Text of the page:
Medical advances have made it possible for premature infants to survive in increasing numbers. However, the increased survival at early gestational ages is accompanied with increased morbidity. Bronchopulmonary dysplasia (BPD) is the most prevalent major complication of premature birth affecting at least one quarter of infants born with a birth weight less than 1500g. Alarmingly, the rate of BPD is increasing, while rates of several other in-hospital complications of premature birth have dropped. BPD predisposes premature infants to a higher mortality and morbidity risk both in the immediate neonatal period as well as after discharge form the neonatal intensive care unit. Many survivors of premature birth will continue to have persistent respiratory symptoms and decreased lung function into adulthood. In addition to the respiratory complications, BPD is also one of the strongest predictors of neurodevelopmental impairment. These life-long complications of BPD create significant health burden and necessitate extensive health care utilization. Currently, there is no effective treatment for BPD. Key pathogenic mechanisms of the disease are not completely understood and therefore we lack a clear path for development of new therapies. One factor that plays a central role in the pathogenesis of BPD is oxygen administration, used as a life-saving intervention after premature birth. Exposure of the immature lung to increased levels of oxygen results in a profound inflammatory response that permanently disrupts normal lung development. However, not every premature infant is equally sensitive to oxygen-induced injury. Therefore, identifying the cellular and molecular mechanisms leading to oxygen induced inflammation and variance in individual susceptibility has the potential to establish new therapeutic targets. I propose to build on recent conceptual, technical and computational advances to identify the innate immune cells that initiate and maintain the pathologic inflammatory response in BPD. After identifying the disease-relevant cells, I will apply state of the art sequencing techniques to study their gene expression and the epigenetic mechanisms that regulate gene expression. Using computational analysis I will integrate the genetic and epigenetic data to identify candidate genes that are likely to drive the pathology in BPD and contribute to individual differences in disease susceptibility. Understanding the fundamental biology of gene expression and regulation in innate immune cells in the developing lung will not only benefit premature infants with BPD, but could be harnessed for therapeutic purposes in several other respiratory diseases.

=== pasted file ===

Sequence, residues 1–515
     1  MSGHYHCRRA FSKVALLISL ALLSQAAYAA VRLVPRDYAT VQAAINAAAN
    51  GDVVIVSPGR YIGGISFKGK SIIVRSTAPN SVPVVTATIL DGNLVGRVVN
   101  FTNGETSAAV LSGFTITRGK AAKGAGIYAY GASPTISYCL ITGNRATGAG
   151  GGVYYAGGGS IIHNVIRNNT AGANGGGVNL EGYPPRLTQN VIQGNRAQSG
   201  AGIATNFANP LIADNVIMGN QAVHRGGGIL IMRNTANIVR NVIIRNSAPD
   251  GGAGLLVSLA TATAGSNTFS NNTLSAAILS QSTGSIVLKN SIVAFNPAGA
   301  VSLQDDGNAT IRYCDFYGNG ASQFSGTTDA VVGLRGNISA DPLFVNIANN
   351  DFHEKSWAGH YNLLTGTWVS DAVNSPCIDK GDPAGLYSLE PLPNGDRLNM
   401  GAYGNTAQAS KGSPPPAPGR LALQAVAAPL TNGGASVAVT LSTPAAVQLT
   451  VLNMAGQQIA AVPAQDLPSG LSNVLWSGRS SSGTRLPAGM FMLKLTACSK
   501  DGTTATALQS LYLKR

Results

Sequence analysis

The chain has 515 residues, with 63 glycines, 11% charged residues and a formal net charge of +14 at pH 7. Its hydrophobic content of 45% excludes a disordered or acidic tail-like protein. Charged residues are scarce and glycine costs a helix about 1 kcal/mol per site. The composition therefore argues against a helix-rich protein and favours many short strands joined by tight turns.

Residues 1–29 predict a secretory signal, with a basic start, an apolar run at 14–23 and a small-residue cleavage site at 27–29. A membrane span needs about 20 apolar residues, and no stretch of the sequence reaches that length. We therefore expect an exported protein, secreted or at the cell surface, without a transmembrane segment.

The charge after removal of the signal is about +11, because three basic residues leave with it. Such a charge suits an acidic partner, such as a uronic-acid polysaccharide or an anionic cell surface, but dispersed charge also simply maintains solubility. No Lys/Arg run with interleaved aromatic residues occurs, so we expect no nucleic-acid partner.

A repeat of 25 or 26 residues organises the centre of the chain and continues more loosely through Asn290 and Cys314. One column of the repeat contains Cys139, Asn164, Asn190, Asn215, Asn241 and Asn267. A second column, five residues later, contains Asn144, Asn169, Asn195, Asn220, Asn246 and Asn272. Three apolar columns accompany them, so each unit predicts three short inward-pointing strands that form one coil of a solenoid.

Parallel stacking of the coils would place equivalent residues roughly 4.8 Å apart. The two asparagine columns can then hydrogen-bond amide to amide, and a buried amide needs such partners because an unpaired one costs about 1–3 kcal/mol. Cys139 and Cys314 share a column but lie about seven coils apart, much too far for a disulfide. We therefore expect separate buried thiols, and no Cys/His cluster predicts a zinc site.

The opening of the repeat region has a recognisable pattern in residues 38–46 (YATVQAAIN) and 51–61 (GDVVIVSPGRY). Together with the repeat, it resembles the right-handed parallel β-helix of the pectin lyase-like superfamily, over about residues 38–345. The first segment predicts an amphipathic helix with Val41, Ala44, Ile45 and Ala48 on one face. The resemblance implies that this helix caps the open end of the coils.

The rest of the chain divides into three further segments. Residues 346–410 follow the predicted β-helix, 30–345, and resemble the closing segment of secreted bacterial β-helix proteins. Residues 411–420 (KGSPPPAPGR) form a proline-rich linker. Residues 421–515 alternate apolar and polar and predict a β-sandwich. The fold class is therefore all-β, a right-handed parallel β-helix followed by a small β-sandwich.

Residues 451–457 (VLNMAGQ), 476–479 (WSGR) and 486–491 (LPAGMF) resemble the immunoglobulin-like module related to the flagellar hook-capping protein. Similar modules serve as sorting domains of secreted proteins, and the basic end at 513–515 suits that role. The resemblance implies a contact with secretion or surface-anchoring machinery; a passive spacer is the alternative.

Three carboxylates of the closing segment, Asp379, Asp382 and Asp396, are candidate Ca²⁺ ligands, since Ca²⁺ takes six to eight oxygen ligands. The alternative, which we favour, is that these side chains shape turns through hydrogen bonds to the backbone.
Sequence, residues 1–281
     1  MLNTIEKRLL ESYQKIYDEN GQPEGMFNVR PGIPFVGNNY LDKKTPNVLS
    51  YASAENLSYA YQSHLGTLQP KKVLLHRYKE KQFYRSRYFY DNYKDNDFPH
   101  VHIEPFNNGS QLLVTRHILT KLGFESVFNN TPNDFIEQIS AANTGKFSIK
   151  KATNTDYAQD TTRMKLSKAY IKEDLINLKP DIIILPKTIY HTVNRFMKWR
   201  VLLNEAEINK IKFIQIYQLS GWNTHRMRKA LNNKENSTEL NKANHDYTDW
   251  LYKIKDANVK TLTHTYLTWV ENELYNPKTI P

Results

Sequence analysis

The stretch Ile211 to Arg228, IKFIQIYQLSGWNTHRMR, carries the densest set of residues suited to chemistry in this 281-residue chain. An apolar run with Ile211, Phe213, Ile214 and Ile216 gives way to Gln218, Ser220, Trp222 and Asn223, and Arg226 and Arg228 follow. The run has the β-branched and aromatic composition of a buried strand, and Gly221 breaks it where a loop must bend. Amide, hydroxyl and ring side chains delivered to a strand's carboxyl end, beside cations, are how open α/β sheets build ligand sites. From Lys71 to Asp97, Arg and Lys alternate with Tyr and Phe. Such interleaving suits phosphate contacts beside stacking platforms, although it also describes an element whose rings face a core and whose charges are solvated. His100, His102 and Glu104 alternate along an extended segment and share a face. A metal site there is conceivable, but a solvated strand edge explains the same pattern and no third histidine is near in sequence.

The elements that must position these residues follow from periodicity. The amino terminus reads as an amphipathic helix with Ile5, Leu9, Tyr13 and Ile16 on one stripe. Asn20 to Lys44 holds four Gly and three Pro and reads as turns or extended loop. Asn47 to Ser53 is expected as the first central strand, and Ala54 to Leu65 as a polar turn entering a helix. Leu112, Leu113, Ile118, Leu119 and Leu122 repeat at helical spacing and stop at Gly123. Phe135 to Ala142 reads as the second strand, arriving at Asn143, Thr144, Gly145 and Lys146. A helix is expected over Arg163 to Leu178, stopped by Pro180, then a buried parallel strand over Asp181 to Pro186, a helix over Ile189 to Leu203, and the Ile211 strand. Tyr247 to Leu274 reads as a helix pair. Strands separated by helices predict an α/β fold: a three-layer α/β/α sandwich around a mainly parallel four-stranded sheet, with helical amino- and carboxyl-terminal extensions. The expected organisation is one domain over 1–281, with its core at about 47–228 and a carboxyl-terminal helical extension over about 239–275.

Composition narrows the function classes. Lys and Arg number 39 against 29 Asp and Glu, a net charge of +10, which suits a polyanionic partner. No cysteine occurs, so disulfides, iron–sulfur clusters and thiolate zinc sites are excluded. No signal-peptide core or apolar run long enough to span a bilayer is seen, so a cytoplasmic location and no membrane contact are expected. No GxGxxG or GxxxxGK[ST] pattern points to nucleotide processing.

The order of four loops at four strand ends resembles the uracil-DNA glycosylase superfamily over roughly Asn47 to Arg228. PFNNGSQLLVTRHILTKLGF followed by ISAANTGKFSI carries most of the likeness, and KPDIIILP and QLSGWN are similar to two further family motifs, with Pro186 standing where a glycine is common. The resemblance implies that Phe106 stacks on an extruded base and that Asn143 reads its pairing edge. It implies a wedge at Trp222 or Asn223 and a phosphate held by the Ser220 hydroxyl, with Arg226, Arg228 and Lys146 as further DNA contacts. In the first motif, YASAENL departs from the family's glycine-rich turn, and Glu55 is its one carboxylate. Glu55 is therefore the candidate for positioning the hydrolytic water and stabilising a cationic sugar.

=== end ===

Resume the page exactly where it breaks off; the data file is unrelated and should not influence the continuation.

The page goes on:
Public Health Relevance

Exposure to excess oxygen causes inflammation and disrupts normal lung development in premature infants leading to bronchopulmonary dysplasia (BPD). In this project, I will apply next generation sequencing techniques and computational analysis to understand how hyperoxia exposure alters the normal postnatal development of lung mononuclear phagocytes and how gene-environment interactions correlate to susceptibility and/or resilience to lung remodeling. Identifying gene regulatory networks in disease relevant cells could lead to novel therapeutic targets for the treatment and prevention of BPD.

Agency
National Institute of Health (NIH)
Institute
National Heart, Lung, and Blood Institute (NHLBI)
Type
Clinical Investigator Award (CIA) (K08)
Project #
1K08HL140198-01
Application #
9431594
Study Section
NHLBI Mentored Clinical and Basic Science Review Committee (MCBS)
Program Officer
Colombini-Hatch, Sandra
Project Start
2018-01-15
Project End
2022-12-31
Budget Start
2018-01-15
Budget End
2018-12-31
Support Year
1
Fiscal Year
2018
Total Cost
Indirect Cost
Name
University of California San Diego
Department
Pediatrics
Type
Schools of Medicine
DUNS #
804355790
City
La Jolla
State
CA
Country
United States
Zip Code
92093